September 29, 2008 at 11:13 am
  • Reply Murgdan

    Ooooh. Yeah. Try to remain as blissfully ignorant as possible about drug side effects. Lots of those warnings of birth defects refer to taking them while pregnant…as opposed to pre-pregnant, so try not to worry too much about that. I know you are feeling like you have enough to stinkin’ worry about lately to have to add another thing to the pile.

    Again…big hugs.

    September 29, 2008 at 12:48 pm
  • Reply dee

    Ive heard that story too but also thought that VL must know what they are doing or else they would never just give it out. Thats also why its so expensive i guess. xx

    September 29, 2008 at 4:10 pm
  • Reply Stacey

    YES! That first line was priceless. I have been using the sparrow’s fart expression all the way over here in Texas, too – rest assured!

    More seriously, though, so sorry you had a tough weekend with the birthday party and now with worries over medication. My heart is going out to you! You encourage me daily with your strength – just wanted you to know!

    September 29, 2008 at 5:31 pm
  • Reply keystoclaritycoach

    Hi Shaz,

    If it is any consolation, living in the US, if I was to pay attention to any of the adverts on TV for meds – yes their are allowed to advertised medications!, I would have been committed by now! Every time a medication is advertised even something as ‘insignificant’ as Tylenol (something similar to the level of Nurofen or Sinutab) they have to put in all the possibilities of side effects as well (they do this in a speeded up voice which is rather funny), and when you hear death,stroke, etc, for most of them…..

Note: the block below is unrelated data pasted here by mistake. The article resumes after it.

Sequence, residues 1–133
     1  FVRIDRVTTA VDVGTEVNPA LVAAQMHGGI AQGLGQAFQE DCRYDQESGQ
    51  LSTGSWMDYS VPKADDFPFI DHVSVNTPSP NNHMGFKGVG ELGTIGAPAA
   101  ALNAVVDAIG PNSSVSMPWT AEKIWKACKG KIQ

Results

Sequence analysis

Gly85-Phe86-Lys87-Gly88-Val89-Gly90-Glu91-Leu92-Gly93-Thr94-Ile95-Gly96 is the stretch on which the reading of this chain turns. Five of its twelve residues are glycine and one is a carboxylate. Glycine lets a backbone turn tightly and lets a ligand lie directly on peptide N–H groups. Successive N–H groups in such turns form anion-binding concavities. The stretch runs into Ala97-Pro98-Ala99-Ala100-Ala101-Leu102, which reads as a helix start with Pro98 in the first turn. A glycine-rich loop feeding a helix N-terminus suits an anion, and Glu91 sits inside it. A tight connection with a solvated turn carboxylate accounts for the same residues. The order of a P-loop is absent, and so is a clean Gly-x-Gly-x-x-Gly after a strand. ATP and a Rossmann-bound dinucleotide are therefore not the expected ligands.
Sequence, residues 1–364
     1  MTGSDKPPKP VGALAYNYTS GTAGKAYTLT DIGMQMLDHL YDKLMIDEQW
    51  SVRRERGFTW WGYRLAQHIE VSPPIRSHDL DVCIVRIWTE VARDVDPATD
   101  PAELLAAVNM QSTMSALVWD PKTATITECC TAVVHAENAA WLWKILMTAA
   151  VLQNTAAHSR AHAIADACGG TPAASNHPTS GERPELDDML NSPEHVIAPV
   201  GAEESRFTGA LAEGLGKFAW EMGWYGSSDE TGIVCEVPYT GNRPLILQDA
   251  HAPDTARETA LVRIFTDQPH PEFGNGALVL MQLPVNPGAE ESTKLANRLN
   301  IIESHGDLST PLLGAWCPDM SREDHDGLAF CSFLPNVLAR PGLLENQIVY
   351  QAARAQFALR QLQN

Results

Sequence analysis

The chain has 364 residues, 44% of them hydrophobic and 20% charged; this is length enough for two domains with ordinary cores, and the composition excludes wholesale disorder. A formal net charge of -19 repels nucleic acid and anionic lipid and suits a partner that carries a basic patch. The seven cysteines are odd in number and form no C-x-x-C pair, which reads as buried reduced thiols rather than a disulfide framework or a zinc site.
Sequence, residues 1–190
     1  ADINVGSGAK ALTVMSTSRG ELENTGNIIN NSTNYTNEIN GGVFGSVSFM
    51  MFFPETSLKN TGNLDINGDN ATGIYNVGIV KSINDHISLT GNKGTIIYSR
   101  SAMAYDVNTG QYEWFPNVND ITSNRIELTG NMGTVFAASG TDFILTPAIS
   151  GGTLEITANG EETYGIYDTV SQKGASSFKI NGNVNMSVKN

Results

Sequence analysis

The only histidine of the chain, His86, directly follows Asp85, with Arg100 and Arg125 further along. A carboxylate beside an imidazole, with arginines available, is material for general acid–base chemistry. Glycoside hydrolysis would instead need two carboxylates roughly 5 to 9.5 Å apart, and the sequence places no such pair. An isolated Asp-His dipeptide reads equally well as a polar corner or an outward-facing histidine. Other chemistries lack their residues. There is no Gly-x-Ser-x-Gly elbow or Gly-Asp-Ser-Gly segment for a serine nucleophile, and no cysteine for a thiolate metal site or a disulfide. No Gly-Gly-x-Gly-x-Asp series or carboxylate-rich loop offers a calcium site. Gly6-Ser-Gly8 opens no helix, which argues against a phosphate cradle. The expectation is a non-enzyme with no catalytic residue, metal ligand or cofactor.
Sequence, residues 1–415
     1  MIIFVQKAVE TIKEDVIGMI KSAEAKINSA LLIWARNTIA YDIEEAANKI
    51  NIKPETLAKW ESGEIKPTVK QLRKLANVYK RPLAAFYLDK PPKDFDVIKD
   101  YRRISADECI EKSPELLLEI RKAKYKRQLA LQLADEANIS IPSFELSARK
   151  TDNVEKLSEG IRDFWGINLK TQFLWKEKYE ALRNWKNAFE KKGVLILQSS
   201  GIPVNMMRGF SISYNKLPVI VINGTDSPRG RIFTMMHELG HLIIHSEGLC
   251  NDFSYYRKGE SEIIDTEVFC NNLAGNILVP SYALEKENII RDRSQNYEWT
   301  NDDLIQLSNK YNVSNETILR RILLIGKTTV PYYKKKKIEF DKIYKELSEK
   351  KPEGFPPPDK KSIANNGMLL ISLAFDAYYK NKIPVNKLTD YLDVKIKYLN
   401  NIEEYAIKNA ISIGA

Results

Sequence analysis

There will always be the possibility of a side effect, we have to hope that we are not the poor bugger who will experience it! Its a bit like crossing the road! Don’t torture yourself with too much research. It is however good to ask questions. It sounds like you have a good relationship with your RE whom you seem to trust. Go with your intuition.

    Coach Louise

    Ps that sparrow farting when you go for tests etc. its for the birds! lol

    September 29, 2008 at 8:24 pm
  • Reply Elize

    LOL! I won’t tell you to stay away from Google because I am so guilty of doing that and then working myself up! So I can’t practice what I preach, hence the no preaching thing! Glad you feel better about it though!

    September 29, 2008 at 8:55 pm
  • Reply Monica

    Wish I had some real scientific insight here, but I don’t. I do agree with one of your readers who professes Google is your enemy (i still love it, though). Try to sort thru fiction from reality if you can – that’s my advice!

    September 30, 2008 at 6:20 am